Once relegated to the fringe of the crypto/FinTech communities, non-fungible tokens (NFTs) are suddenly mainstream, appearing in new and increasingly commercial use cases, such as financial services, automotive industry applications, electronic gaming, sport highlights, music albums, film, art, fashion and digital branding.
- What is an NFT and how is it different from a fungible, or any other, token? How can the ownership of a tangible item be represented by an intangible token?
- Does the owner of an NFT own the underlying object or asset it might represent?
- Are NFTs regulated and, if so, how?
These sorts of questions are extremely important for businesses, consumers, law-makers and lawyers. In this four-part guide we consider the key legal and regulatory issues in relation to NFTs in the context of a wide range of use cases, industry sectors and jurisdictions.
An introduction to NFTs
- What is an NFT?
- Is a smart contract an essential aspect of an NFT?
- The legal nature of an NFT
- Rights in underlying assets
- NFT as a regulated security
- AML and KYC requirements
- Money transmitter laws
- NFTs as commodities
- Data privacy
- Antitrust and competition law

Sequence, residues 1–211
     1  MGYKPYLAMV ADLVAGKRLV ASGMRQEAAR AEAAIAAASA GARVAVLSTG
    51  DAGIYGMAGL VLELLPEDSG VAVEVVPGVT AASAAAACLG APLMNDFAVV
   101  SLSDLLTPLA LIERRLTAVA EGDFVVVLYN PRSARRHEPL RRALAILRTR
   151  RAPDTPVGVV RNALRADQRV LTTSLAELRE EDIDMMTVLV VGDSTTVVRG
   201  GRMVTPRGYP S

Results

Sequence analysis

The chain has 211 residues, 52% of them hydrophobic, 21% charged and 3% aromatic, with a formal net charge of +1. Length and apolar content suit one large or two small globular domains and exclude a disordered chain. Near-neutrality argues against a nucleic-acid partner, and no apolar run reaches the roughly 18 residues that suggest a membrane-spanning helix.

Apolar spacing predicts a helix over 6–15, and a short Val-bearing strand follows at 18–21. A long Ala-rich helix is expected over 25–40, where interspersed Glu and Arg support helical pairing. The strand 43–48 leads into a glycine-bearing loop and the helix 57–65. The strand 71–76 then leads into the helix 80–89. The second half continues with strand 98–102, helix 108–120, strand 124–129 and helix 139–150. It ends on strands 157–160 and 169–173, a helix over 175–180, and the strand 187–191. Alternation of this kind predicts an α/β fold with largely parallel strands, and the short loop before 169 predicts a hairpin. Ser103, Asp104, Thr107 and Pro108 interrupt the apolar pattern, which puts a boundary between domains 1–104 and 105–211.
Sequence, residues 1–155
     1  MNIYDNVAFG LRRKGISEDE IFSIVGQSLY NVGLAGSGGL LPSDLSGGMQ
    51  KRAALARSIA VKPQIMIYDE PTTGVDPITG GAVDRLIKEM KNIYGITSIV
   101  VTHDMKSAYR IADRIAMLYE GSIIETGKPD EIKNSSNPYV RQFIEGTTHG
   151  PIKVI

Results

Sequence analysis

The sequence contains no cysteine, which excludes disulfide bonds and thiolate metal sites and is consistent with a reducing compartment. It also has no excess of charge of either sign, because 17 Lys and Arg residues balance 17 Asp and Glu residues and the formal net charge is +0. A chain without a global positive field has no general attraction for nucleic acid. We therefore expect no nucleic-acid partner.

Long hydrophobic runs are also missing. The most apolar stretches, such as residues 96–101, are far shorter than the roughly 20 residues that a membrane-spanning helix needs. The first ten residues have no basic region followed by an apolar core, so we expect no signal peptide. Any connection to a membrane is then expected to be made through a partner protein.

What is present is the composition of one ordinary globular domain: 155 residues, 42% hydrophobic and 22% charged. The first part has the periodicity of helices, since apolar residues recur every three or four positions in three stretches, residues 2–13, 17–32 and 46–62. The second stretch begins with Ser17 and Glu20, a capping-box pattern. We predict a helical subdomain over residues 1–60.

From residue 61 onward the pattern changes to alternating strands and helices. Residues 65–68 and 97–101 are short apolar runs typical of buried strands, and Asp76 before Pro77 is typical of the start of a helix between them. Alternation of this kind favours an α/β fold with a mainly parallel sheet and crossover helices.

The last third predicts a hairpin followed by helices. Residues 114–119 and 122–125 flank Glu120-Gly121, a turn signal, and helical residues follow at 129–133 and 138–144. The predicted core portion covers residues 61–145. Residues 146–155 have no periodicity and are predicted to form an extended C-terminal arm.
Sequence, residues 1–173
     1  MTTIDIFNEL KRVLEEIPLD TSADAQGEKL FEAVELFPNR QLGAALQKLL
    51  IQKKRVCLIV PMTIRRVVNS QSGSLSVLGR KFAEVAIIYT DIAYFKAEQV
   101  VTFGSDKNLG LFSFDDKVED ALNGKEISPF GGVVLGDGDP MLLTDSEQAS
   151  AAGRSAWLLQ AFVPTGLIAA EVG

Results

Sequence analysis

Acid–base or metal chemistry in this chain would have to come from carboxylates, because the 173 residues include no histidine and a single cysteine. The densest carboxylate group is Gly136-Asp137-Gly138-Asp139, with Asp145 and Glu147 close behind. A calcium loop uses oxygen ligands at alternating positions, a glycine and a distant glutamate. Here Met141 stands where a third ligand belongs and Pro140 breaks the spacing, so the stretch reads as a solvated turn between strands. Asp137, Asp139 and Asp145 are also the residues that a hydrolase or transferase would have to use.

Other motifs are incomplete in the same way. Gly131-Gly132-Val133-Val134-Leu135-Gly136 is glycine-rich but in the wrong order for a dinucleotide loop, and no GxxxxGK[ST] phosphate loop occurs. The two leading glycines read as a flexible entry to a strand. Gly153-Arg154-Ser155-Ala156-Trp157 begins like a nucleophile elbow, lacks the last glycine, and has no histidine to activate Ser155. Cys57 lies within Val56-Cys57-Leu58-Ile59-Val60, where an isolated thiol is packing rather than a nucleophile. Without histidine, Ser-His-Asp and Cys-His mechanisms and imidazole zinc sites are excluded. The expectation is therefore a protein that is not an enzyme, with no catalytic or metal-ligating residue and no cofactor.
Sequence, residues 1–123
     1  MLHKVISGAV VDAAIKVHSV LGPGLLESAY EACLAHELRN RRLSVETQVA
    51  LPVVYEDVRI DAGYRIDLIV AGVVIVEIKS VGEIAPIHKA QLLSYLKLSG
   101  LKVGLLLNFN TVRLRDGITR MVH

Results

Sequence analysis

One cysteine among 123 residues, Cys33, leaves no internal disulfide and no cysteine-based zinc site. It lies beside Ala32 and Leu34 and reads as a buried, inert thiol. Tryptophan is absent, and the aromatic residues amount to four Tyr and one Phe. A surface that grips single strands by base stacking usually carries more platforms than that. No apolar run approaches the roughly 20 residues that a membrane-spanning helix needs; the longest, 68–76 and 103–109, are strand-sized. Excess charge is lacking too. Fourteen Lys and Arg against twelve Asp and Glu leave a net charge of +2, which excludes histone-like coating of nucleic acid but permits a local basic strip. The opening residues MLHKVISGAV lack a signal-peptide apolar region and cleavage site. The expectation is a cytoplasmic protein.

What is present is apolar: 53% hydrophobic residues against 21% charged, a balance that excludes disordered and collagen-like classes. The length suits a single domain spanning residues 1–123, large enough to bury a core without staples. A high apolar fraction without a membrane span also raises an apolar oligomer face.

Part 3 (Coming soon)
- Commercial and transactional considerations
- What are the intellectual property rights issues?
- Consumer protection laws
- NFTs as collateral
- NFTs and the Metaverse
Part 4 (Coming soon)
Fiscal issues, managing fraud and dispute risk, and technical considerations
- Carbon footprint / ESG considerations
- Fraud and other disputes
- NFTs as smart contracts supported by distributed ledger technology
You may also be interested in
Canadian securities regulators introduce additional requirements
On February 22, the Canadian Securities Administrators (CSA) published Staff Notice 21-332 – Crypto Asset Trading Platforms: Pre-Registration Undertakings — Changes to Enhance Canadian Investor Protection (SN 21-332).
Bringing the UCC into the digital age: Review of the 2022 UCC amendments
On July 13, 2022, the Uniform Law Commission (ULC) approved the final draft of its joint proposal with the American Law Institute Emerging Technology Committee for amendments to the Uniform Commercial Code (UCC).
Regulators require crypto-asset trading platforms to provide pre-registration
The Canadian Securities Administrators (CSA) now expect each unregistered crypto-asset trading platform (CTP) that deals in crypto-assets constituting securities or in contracts involving crypto-assets, and that has applied to become a registered dealer, to provide a pre-registration undertaking to its principal regulator to continue operations while its application is reviewed.